I shape a lamp from hammered
copper and place it in the space.
I leave it with the switch clicked on
and wait—sunlight pours
onto the floor. All through the room
it spreads—the light.
~From the poem “Making Light.”
The collection of forty-two poems in Red List Blue is an invitation to listen, to witness, and to remember, and it’s an invitation well worth accepting. The poems ask us to risk seeing ourselves, to be confused and even a bit lost. They encourage us to find a touchstone and to plant our feet in the rich places they explore. In this book you will find one artist’s experience of the painful, creative, fertile, unpredictable rhythms to which life—human and wild—stagger-dances.
The poet’s writing often carries us from recognizable everyday moments into dreamlike scenarios. The shifts and transitions are made seamless by her thoughtful, measured tone and the way she wields the craft of poetry to create rhythm, movement, and stillness. Fox’s magic as a poet is in using the tools of her art to tuck us to her side with words and imagery so we, as readers, sit quietly with her on the edge of a fountain (in her poem “Impossibilities”), watch the low flight of a pileated woodpecker (from the poem “Certitude of Motion”), or float in bioluminescent waves (in “Bioluminescent”).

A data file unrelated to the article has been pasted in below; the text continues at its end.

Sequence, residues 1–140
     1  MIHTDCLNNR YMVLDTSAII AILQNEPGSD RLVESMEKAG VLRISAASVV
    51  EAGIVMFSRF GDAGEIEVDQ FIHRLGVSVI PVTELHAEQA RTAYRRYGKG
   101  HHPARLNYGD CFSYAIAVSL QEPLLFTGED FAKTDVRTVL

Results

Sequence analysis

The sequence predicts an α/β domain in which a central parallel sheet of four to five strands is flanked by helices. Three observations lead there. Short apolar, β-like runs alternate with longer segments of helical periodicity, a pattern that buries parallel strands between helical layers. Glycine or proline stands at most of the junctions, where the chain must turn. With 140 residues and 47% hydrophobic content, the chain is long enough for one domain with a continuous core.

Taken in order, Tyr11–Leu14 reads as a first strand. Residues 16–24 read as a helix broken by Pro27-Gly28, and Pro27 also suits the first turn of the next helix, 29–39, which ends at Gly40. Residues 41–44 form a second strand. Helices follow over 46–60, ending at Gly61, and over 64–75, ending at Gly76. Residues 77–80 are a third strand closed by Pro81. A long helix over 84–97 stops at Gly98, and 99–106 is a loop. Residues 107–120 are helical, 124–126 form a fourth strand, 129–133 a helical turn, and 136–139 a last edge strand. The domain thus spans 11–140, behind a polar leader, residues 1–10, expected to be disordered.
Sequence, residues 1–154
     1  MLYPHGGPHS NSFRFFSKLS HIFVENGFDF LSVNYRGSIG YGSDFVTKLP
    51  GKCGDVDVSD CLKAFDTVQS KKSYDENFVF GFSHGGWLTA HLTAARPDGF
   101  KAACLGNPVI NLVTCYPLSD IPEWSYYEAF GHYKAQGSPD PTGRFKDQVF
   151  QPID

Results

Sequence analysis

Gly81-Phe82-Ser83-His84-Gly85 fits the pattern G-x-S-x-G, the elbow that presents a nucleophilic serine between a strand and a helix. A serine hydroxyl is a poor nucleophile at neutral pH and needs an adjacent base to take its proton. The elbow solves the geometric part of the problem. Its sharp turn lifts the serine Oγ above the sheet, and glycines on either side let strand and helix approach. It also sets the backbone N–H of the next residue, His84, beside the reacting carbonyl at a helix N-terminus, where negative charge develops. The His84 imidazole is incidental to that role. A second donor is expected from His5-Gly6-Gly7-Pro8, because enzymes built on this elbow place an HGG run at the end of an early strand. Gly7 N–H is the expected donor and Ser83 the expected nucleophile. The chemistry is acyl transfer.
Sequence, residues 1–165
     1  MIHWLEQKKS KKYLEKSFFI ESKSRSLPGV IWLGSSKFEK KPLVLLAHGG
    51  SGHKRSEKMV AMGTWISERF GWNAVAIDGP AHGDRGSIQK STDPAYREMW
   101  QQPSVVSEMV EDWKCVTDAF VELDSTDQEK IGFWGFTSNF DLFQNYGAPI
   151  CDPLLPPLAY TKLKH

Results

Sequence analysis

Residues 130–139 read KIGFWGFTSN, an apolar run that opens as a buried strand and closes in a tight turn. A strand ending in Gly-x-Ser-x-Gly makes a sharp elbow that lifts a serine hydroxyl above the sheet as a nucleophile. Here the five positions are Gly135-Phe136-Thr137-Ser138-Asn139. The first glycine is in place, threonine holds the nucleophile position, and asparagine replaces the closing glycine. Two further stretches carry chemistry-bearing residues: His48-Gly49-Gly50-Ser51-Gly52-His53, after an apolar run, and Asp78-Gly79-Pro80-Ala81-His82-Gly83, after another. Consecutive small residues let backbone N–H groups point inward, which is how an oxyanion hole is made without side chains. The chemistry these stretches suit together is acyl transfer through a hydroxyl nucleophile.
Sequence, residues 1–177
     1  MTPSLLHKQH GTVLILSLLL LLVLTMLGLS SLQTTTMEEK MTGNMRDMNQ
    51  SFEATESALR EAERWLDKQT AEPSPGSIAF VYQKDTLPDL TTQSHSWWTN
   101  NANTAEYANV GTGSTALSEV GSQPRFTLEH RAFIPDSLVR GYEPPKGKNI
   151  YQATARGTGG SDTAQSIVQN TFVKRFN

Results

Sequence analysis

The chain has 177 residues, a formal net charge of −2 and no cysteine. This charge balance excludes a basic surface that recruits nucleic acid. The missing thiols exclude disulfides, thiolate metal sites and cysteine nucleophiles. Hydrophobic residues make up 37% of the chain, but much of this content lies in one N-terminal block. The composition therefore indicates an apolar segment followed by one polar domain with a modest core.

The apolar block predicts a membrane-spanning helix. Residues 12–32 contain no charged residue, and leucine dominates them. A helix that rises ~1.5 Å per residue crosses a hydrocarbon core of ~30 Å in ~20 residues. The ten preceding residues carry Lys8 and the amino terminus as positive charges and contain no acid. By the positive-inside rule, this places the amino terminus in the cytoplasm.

One bell-clear beauty of Red List Blue is how Fox positions herself inside the nature she’s writing about. Human nature and wild nature—there aren’t lines of separation or distinction. She skillfully documents and dreams without resorting to sentimentality or imposing her human voice over the wild beings she’s interacting with.
But the robin is back. Even
when the weather won’t stand still,
when it throws my body
into viral confusion with snowstorms,
hailstorms, and sixty-degree winds
all in one week the robin is building her nest.
The robin has work to do. She is singing.
~From the poem “How to Make Art.”
This collection ranges over a rich emotional and experiential terrain. Like so much of life, not every poem is immediately accessible. Some shake themselves and us like a snowglobe and ask us to ponder and persist until the settling snow brings clarity. Others ring quietly clear and bright from first word to last:
I’ve sat here for more than an hour
and am quietly in love with the morning.
Whatever terror is in the world today,
may we meet it with a gentle rise.
~From “A minute to seven.”